By Matt Triay

The exhibition went on for over a week, with artists flying from Austria, France and the UK as well local artists all taking part. I was lucky enough to speak with one of the artists, Michaël Viger, a humble man with a passion to create, a writer, a painter, a musician, a jazz lover. Michaël is not afraid to try and to discover; Art vs Covid was an exploration into new territories. He was able to ‘paint me a picture’ of life as an artist and explain the need for art.

Michaël’s father is a composer who makes music for movies, both his kids are musicians so you could say it’s in their genes. Michaël reminisced about being around the theatre as young as 3 years old; he saw it as an “invitation” to join the world of artists, saying he “always wanted to write, to paint, to make music…” today he does exactly that, combining all his creative talents.

I asked Michaël if he felt different at a young age: “I was a singular child playing in my own world, in my own universe and for other children to join you in your universe is quite difficult… still now I have this pleasure to enter my world and to create.” I mentioned my interest in screenwriting and he showed me his latest work. It was clear to see Michaël is an artist in every sense of the word – he relies on his talent to survive. With Covid-19 many Artists are uncertain of their future and the future of the industry and may not be able to rely on their talents for survival any longer. Art vs Covid suggests otherwise.

‘To enjoy art it takes time… if an artist can transcend feeling then one’s attention span is irrelevant.”

When Michaël started in the art world he was directing movies. He spoke about the lack of competition and as a young director he was given “the opportunity to produce and to create well, today there are a lot of directors…” I asked Michaël if he thought more traditional art forms such as painting were potentially at risk with the accessibility and popularity of movies, TV series and the change in youth’s attention spans and need for stimulation. Michaël believes that people do love paintings, they love to hang paintings on their walls, he described this as a “marriage” to art. “To enjoy art it takes time” Michaël explained. He described art as a form of communication, and if an artist can transcend feeling then one’s attention span is irrelevant.

How did Michaël join the Masa Art Gallery? Kiko, the son of Matija, owner of the Masa Art Gallery, saw him on the social media platform Instagram and liked this work. Kiko then invited Michaël to hold an exhibition in Manchester. This of course highlighted social media as a talking point in our conversation. However, Michaël felt Instagram impacted his ability to create; before he would create by himself for himself but now with social media he is thinking about his audience during the process.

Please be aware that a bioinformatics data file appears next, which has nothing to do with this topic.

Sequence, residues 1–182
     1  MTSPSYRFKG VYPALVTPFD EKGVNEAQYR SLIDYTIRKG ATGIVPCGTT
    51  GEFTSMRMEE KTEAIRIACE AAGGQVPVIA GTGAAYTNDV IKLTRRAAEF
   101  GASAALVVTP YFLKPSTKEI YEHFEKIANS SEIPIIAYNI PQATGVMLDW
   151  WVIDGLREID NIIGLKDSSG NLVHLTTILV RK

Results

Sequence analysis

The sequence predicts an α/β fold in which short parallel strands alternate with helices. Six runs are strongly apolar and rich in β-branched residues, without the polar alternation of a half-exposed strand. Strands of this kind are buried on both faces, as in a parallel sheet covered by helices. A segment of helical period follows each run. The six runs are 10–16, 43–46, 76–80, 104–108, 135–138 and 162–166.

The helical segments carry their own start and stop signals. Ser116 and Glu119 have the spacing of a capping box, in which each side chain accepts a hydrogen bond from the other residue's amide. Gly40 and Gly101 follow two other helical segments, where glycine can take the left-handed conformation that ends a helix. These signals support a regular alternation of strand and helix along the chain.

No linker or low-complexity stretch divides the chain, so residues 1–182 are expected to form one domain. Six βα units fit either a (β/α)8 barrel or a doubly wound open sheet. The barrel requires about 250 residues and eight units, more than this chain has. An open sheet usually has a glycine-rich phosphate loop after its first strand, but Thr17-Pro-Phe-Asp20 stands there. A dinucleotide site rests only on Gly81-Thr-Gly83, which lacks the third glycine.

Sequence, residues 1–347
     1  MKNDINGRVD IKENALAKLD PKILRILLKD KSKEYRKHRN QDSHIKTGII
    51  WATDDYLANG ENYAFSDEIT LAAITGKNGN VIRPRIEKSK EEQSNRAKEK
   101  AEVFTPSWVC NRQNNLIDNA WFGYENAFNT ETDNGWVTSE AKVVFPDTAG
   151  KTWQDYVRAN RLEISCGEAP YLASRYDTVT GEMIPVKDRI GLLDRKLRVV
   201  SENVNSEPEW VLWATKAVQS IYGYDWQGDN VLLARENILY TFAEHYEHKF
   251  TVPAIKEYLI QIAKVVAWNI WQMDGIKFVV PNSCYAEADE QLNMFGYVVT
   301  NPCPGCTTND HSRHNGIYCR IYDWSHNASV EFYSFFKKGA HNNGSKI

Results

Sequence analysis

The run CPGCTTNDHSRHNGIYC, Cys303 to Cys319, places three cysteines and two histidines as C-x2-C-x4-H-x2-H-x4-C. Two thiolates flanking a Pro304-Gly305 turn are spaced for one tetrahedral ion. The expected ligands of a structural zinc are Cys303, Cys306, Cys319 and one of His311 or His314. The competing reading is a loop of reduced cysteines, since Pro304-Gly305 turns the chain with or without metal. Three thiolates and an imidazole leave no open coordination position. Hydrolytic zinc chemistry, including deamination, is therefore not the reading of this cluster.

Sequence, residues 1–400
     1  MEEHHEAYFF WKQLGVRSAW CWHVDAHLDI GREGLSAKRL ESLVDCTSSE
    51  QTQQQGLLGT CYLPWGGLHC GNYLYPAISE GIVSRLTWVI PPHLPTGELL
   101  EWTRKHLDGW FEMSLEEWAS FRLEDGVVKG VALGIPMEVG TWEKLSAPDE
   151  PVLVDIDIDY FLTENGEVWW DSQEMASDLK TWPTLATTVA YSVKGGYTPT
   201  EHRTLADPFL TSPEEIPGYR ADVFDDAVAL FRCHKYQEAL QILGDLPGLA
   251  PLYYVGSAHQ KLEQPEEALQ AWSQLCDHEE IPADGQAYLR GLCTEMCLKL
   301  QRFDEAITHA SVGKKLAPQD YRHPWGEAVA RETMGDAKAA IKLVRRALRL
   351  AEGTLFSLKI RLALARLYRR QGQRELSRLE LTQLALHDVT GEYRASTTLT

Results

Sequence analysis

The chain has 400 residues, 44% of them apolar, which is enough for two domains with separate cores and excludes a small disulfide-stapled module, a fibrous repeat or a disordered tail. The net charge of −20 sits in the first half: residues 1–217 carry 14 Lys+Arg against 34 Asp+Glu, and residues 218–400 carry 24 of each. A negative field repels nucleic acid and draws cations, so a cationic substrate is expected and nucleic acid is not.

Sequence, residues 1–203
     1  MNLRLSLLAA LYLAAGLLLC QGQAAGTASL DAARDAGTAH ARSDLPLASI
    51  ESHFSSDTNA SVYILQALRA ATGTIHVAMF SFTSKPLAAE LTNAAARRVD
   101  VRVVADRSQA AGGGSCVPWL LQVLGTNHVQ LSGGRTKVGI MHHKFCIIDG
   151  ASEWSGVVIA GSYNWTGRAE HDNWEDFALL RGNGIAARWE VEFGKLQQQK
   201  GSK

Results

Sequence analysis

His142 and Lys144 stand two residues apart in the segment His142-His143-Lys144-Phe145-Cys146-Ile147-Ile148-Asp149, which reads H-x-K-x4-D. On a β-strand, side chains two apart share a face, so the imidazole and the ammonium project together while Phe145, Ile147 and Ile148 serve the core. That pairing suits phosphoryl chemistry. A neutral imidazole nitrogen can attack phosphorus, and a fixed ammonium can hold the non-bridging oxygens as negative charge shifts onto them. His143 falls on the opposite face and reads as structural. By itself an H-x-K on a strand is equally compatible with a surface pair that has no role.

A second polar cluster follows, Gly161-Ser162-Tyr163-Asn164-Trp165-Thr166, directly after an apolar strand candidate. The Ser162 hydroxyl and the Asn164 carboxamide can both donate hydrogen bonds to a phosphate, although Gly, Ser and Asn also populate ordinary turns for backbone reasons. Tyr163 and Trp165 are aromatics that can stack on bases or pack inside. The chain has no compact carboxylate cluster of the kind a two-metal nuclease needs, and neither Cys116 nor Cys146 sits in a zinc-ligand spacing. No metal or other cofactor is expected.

Yet for an exhibition like Art vs Covid, social media’s salience is undeniable. Nevertheless, by the end of our conversation Michaël maintained that “art has to be shared… it is magnificent when somebody is in front of your painting and they stay in front and they look at you and smile… thats all I need”.

Many thanks has to be given to the Masa Art Gallery, a lot of energy was put in by the owners to coordinate this exiting project, notably the transporting of the art to Gibraltar. Covid has to a large extent halted cultural life with a projected £74bn drop in revenue for the creative industries and 400,000 jobs lost in Britain alone according to the Oxford Economics Report as reported by the Guardian. According to the NY Times Britain has been the slowest to reopen their cultural sector, they have also failed to protect the industry unlike France, Germany, Italy and Belgium who have had much fewer lay offs and provided heavy subsidies.

Nevertheless global crises such as Covid can inspire artists, as Michaël agreed: “All you have to do is look back at history… we are creating much more when there is a crisis; against something, for something… its a way to speak, to scream, to touch people.” This is indicative of why we need the cultural industry now more than ever, people need art during these times to feel connected. “Covid is like a war” says Michaël. Continuing to create is inspiring to people and that is their (artists) fight – and not just Covid, as Michaël mentions other world problems that artists “scream” about, such as racism.

I asked Micheal about the importance of art in small communities such as Gibraltar and making art global. He felt art was pertinent to small communities, but rather than globalisation these communities must stay unique. He expressed that artists can grow with help from other artists, from the community, just as he was helped starting out in his career.

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